Don’t mind if I do

Accommodation Free-camp
Distance ridden today 27.17km
Average cycling speed 7.8kph
Total distance ridden 15,478km
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Day 596 (Nepal Day 22)

It’s clear the drugs I’m taking are working. My diarrhoea has stopped and I’ve even stopped peeing, so I think my body is sucking up as much water as it can after losing so much fluid over the last week. I can now turn my mind back towards my cycling adventure. I am trying to work out whether the apprehension I feel about moving on is because I’m not quite ready yet, or because I’ve got into a lazy routine and having another day off doing nothing is the easier choice. I have set my alarm anyway, so I will decide what to do in the morning. To pass the day I spent a bit of time perusing TED talks and I came across a really cool one called Life is Easy. Watch it! I also received an email back from the school I contacted in Kathmandu. They said they will love to have me as a volunteer!

Stocking up

Accommodation $ Guesthouse
Distance ridden today 0km
Total distance ridden 15,451km
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Day 595 (Nepal Day 21)

I usually enjoy developing a closer relationship with nature, but when it comes to parasites like Giardia, nature can go f*!k itself. Being holed up for the last week as the little bugs ravage my intestines and slowly render me a shadow of my former self has not been a pleasant experience. Fortunately, I am finally taking the right drugs and seeing signs of improvement. This morning I managed to bomb the toilet instead of spraying it, and this evening at dinner I was able to accept seconds. I think I’m on the mend.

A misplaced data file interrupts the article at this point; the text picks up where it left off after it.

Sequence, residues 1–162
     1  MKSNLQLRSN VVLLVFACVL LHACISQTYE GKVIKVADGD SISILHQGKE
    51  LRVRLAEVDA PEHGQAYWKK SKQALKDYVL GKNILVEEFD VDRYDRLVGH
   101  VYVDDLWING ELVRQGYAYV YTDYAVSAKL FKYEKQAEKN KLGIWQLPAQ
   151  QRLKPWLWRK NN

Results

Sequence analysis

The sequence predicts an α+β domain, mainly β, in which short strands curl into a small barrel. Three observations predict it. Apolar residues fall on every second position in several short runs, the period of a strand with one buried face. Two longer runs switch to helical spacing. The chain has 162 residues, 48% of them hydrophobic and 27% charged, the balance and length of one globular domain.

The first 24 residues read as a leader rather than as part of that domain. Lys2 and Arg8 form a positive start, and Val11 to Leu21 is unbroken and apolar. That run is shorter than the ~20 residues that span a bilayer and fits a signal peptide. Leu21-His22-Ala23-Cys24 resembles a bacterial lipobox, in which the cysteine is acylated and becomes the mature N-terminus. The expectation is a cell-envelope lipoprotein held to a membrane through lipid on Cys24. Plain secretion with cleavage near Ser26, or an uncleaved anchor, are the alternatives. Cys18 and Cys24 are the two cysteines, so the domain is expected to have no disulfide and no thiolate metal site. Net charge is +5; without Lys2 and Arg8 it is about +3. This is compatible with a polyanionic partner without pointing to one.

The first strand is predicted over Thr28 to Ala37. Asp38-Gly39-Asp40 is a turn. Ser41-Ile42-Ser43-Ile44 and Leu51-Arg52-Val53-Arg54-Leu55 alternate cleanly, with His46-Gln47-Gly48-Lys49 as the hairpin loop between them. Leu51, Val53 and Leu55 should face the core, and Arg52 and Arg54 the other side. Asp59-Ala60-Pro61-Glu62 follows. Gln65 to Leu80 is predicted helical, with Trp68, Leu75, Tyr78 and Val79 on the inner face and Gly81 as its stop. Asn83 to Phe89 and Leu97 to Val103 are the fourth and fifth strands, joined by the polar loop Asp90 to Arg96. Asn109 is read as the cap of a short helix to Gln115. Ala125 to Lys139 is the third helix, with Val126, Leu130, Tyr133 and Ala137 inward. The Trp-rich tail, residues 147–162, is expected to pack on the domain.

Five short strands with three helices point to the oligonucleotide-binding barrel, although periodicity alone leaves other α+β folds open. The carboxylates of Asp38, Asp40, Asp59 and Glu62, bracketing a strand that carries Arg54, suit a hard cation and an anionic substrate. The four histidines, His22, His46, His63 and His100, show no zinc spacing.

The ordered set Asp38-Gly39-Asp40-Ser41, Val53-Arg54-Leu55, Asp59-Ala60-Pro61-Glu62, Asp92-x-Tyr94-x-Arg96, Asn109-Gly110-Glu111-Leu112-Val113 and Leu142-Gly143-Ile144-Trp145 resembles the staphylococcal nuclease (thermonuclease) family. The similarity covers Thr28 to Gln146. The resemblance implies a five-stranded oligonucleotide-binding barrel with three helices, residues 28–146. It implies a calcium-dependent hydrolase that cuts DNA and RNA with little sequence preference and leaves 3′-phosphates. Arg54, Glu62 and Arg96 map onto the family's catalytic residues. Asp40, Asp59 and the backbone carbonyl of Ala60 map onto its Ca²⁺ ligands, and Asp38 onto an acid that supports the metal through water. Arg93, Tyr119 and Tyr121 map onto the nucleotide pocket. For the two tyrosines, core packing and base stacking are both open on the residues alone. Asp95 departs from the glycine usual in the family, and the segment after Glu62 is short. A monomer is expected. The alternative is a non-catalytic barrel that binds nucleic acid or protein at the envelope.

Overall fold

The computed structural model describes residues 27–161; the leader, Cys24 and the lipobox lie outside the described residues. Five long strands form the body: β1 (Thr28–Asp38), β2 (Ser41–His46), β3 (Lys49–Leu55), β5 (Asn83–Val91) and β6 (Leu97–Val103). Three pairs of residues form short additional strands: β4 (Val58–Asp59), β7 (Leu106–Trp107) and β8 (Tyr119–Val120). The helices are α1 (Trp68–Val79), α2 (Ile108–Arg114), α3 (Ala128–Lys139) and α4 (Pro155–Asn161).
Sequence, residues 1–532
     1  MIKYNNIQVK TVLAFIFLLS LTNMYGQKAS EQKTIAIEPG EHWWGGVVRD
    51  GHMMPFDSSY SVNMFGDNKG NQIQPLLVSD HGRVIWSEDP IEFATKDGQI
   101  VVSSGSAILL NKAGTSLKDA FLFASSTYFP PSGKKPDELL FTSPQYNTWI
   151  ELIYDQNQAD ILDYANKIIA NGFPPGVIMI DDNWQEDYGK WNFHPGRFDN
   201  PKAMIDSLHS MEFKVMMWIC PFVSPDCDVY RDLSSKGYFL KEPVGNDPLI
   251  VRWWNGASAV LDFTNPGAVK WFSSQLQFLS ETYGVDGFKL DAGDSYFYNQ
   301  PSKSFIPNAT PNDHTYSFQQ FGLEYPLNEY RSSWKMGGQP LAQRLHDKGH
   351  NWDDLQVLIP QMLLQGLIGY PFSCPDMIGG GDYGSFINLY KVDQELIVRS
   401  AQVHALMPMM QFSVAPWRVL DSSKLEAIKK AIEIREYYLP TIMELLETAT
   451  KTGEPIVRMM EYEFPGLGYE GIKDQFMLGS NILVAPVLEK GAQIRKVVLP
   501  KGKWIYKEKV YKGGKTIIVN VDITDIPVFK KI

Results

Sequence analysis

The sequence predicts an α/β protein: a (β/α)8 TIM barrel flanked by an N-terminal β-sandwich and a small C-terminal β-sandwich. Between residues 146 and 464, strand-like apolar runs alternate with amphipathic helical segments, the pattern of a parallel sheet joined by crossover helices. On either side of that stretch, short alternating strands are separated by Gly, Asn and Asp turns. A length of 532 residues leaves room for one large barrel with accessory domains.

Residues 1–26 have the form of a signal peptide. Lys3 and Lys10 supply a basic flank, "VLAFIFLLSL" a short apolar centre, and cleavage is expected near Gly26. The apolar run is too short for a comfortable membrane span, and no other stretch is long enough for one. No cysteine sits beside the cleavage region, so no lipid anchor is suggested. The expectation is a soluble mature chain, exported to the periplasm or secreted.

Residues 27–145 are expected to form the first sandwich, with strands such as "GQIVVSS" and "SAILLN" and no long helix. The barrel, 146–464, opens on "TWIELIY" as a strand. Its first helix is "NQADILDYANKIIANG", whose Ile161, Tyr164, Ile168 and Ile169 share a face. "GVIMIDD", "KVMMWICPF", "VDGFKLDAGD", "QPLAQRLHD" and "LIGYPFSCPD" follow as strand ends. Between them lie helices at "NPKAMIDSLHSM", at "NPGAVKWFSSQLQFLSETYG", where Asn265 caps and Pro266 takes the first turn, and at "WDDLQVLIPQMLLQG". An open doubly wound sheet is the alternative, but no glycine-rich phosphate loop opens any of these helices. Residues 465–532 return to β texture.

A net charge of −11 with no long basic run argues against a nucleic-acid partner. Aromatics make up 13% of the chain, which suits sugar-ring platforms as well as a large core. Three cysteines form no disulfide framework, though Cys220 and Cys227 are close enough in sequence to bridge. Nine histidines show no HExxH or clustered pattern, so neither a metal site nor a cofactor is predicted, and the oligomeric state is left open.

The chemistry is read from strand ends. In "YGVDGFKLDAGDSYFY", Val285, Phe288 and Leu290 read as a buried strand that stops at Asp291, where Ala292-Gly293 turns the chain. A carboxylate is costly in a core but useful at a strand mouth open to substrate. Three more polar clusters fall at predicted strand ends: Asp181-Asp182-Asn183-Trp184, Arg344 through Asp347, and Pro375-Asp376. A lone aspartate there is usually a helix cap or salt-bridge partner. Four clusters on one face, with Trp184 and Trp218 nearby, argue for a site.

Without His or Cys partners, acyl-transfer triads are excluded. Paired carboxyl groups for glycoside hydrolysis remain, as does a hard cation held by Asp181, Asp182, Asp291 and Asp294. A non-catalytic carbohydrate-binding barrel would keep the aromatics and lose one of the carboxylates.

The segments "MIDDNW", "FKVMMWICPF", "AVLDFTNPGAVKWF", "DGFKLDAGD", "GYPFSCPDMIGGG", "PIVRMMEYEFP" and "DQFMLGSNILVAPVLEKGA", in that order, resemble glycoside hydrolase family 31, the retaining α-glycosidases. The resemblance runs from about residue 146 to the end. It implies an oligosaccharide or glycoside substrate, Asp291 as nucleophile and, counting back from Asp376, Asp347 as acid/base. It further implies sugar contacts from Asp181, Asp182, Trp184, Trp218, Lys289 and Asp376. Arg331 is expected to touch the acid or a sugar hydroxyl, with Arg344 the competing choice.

Dreaming of better days

Accommodation $ Guesthouse
Distance ridden today 0km
Total distance ridden 15,451km
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Day 594 (Nepal Day 20)

I have just had dinner. This means I am now bracing myself for another night of uncomfortable pain as my gut swells with gas. Explosive diarrhoea is still a problem. I shat myself during the night in an unforeseen attack that proved to be the worst way I have ever been woken up. Such is my plight with Giardia. Yep, it’s confirmed. Parasitic protozoans are clinging to the walls of my intestine and wreaking havoc in my digestive system. I saw the doctor first thing in the morning and came away with some drugs to target the little f!@kers. I hardly ate anything during the day but at dinner I managed to eat more than I have across the last three nights.

Still here

Accommodation $ Guesthouse
Distance ridden today 0km
Total distance ridden 15,451km
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Day 593 (Nepal Day 19)